Athletics/Sports

A Great Dad Is Redefined: A Fighter for Title IX

Thursday, June 22, 2000

A new organization of fathers has awarded a Michigan school official for his consistent efforts to level the playing field for girls' sports. The event is part of Dads and Daughters, a campaign to make the world a more equitable place for female children.



A new organization of fathers has awarded a Michigan school official for his consistent efforts to level the playing field for girls' sports. The event is part of Dads and Daughters, a campaign to make the world a more equitable place for female children.

The O'Neill Family

Overlooked in the festivities and hectic commerce surrounding traditional Father's Day, a national group of activist fathers has quietly honored its own special kind of dad, a school district official advocating for equal sports facilities and opportunities for girls.

Kevin O'Neill, superintendent of Coopersville Area Public Schools outside Grand Rapids, Mich., was honored as Father of the Year by a non-profit organization based in Duluth, Minn., called Dads and Daughters.

His two daughters, Tracey, 21, and Carey, 19, nominated O'Neill in an essay on their "dynamite dad" who successfully lobbied for new girls' sports facilities, campaigned for a bond issue for its construction and generally has gone to bat for gender equity in the Midwest.

"It is simple stuff," O'Neill insisted. "Are bleachers pulled out for girls' games? Are programs printed? Is there a pep band?" he asked. "We have to remember the little things that tell girls they are different, like telling girls and boys to line up on different sides of the room."

The award by the year-old group is a $1,000 donation to the non-profit organization of the winner's choice. O'Neill has selected Communities for Equity in nearby Ada, Mich. Parents in the organization attend school sports events, talk to players and parents of opposing teams and keep a scorecard of gender fairness by comparing the rival schools.

Communities for Equity also recently filed a lawsuit against the Michigan High School Athletic Association for not complying with the federal law, generally called Title IX, that requires schools and other institutions that receive federal subsidies to provide equal access and benefits to females and males. His involvement in the suit is a result of his daughter's membership in a local women's group that funds the lawsuit.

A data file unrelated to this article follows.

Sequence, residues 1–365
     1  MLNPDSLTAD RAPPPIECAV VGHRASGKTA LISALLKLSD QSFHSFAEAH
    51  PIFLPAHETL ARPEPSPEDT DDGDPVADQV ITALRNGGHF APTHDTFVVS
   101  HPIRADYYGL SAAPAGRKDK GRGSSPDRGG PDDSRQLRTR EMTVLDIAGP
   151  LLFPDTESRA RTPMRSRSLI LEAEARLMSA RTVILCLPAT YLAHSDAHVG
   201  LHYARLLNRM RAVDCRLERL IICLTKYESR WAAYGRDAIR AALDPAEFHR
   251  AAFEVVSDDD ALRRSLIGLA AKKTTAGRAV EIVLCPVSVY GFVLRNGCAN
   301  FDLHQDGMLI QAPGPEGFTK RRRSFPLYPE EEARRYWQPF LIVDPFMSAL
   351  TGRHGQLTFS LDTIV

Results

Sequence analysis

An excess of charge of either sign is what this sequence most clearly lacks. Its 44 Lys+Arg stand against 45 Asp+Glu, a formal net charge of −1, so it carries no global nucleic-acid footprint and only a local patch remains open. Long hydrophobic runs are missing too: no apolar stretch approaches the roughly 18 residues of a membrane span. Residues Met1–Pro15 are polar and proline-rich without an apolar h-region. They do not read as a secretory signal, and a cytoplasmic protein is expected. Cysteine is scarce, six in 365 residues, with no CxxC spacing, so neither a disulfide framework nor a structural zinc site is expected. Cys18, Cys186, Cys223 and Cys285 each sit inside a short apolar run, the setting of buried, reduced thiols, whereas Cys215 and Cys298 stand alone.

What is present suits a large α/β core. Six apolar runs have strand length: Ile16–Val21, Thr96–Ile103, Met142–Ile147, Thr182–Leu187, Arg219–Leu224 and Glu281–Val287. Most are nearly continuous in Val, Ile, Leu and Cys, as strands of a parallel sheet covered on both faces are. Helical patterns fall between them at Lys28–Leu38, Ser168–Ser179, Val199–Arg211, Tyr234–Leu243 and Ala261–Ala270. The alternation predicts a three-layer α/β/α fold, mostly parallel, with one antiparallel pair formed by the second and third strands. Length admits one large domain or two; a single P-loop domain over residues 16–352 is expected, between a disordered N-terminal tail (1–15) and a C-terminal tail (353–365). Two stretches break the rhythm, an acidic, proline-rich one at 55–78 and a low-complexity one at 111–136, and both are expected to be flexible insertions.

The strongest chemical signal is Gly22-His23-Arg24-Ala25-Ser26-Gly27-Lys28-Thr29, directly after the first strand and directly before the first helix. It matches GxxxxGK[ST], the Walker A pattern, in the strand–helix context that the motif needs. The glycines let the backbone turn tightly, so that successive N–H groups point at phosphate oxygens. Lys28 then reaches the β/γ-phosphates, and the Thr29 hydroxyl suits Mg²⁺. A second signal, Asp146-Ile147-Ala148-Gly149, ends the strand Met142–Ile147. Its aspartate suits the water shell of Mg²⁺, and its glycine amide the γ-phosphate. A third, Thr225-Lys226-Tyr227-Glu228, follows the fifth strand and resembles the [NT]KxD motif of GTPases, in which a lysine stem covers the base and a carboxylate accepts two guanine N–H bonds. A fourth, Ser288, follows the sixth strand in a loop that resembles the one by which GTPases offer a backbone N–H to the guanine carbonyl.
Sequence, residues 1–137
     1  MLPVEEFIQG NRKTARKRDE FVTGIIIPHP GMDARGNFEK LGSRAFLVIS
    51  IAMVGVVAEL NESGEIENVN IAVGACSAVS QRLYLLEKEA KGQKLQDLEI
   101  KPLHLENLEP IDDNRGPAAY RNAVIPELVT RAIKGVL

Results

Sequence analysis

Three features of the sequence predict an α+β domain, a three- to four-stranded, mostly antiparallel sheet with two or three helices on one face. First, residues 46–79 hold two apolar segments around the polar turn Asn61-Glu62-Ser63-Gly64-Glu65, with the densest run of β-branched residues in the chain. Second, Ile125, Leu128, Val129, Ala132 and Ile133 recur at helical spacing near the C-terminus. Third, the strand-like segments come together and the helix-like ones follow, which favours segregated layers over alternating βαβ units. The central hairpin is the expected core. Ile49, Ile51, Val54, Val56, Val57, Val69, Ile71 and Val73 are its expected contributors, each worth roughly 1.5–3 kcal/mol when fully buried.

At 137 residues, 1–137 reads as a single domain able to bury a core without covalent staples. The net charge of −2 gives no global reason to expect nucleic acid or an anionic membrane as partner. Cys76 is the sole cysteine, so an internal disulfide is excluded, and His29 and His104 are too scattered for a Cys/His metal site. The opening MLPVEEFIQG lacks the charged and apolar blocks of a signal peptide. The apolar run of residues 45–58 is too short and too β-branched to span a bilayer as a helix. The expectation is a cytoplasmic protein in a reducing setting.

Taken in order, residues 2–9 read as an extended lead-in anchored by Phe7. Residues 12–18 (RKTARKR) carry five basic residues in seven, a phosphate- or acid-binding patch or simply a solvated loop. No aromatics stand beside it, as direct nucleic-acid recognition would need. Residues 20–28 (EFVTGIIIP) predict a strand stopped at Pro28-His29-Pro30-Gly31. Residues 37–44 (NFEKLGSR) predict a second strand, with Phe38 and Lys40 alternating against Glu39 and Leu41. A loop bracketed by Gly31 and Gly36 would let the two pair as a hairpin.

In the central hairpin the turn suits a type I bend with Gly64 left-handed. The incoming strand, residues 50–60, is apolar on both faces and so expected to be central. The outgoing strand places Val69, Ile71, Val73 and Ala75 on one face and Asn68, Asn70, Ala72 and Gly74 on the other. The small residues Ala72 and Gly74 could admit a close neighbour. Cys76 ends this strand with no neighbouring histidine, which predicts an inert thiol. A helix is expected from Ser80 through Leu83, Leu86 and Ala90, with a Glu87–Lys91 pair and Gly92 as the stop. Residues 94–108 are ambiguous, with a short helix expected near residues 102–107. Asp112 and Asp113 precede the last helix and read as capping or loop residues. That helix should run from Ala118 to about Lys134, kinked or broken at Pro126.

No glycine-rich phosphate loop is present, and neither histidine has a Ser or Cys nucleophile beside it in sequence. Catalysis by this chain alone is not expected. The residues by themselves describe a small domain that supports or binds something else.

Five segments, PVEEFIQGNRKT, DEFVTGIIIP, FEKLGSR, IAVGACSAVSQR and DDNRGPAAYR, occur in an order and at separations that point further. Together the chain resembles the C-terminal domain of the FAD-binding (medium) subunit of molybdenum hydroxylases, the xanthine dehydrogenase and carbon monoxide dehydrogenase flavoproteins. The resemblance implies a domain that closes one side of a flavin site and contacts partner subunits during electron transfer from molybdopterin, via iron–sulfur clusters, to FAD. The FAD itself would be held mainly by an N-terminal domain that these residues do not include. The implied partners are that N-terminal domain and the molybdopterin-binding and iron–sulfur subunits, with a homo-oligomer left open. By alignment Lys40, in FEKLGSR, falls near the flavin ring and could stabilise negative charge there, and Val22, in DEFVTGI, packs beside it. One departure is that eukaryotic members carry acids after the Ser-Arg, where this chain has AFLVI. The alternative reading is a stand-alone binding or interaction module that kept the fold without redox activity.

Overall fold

O'Neill began advocating 10 years ago for equality in school sports. Galvanized by his own daughters' needs in school, O'Neill successfully lobbied his school district for $400,000 to install girls lockers district wide. That was just the beginning.

Since then, O'Neill persuaded the school board to authorize a bond issue for $38 million, including funds for new girls' training facilities and comparable fields for softball and baseball. Ground breaking begins this summer, literally leveling the playing field.

The award is part of an advocacy campaign launched by Dads and Daughters. The 200-member organization is dedicated to encouraging fathers to build strong ties with their daughters and to advocate with and for them on issues ranging from gender equity to realistic body image. "It is very important to publicly recognize fathers who are making an impact in their communities on behalf of their daughters," said Joe Kelly, executive director of Dads and Daughters, the father of two teen-age daughters and a former news anchor of Minnesota Public Radio. He also founded with his wife, Nancy, and their daughters "New Moon: The Magazine for Girls and Their Dreams."

"Many of us [dads] are in denial about the messages that tell girls that how they look is who they are and their purpose in life is to be sexual objects," Kelly said.

In addition to the award, the group has developed a model curriculum for fourth through sixth grades on girls' healthy body image and eating disorders, created a radio program for the Working Assets radio network and lobbied retailers to drop advertisements and products that exploited girls.

"Let's face it, since men still control the world, we should help change it for our daughters," said Kelly.


 
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